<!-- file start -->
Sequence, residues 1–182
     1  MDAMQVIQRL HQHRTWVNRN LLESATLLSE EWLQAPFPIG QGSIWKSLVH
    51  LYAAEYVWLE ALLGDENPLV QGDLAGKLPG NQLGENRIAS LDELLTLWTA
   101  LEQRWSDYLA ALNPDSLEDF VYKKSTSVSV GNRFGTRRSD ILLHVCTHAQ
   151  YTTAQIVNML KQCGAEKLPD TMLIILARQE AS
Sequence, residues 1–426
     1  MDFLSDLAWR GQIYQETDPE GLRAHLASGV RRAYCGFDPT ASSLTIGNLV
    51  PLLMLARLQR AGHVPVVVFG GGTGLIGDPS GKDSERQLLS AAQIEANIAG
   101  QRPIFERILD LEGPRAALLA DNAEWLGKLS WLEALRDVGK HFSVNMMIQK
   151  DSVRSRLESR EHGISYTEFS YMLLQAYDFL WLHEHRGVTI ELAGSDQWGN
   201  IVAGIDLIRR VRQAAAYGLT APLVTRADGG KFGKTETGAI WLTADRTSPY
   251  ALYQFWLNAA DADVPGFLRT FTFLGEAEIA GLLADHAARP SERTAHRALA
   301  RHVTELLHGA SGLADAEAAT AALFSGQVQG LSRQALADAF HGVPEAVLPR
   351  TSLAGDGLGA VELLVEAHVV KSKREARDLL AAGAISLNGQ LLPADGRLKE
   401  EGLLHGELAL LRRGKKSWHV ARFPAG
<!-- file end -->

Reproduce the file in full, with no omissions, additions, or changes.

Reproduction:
Sequence, residues 1–182
     1  MDAMQVIQRL HQHRTWVNRN LLESATLLSE EWLQAPFPIG QGSIWKSLVH
    51  LYAAEYVWLE ALLGDENPLV QGDLAGKLPG NQLGENRIAS LDELLTLWTA
   101  LEQRWSDYLA ALNPDSLEDF VYKKSTSVSV GNRFGTRRSD ILLHVCTHAQ
   151  YTTAQIVNML KQCGAEKLPD TMLIILARQE AS
Sequence, residues 1–426
     1  MDFLSDLAWR GQIYQETDPE GLRAHLASGV RRAYCGFDPT ASSLTIGNLV
    51  PLLMLARLQR AGHVPVVVFG GGTGLIGDPS GKDSERQLLS AAQIEANIAG
   101  QRPIFERILD LEGPRAALLA DNAEWLGKLS WLEALRDVGK HFSVNMMIQK
   151  DSVRSRLESR EHGISYTEFS YMLLQAYDFL WLHEHRGVTI ELAGSDQWGN
   201  IVAGIDLIRR VRQAAAYGLT APLVTRADGG KFGKTETGAI WLTADRTSPY
   251  ALYQFWLNAA DADVPGFLRT FTFLGEAEIA GLLADHAARP SERTAHRALA
   301  RHVTELLHGA SGLADAEAAT AALFSGQVQG LSRQALADAF HGVPEAVLPR
   351  TSLAGDGLGA VELLVEAHVV KSKREARDLL AAGAISLNGQ LLPADGRLKE
   401  EGLLHGELAL LRRGKKSWHV ARFPAG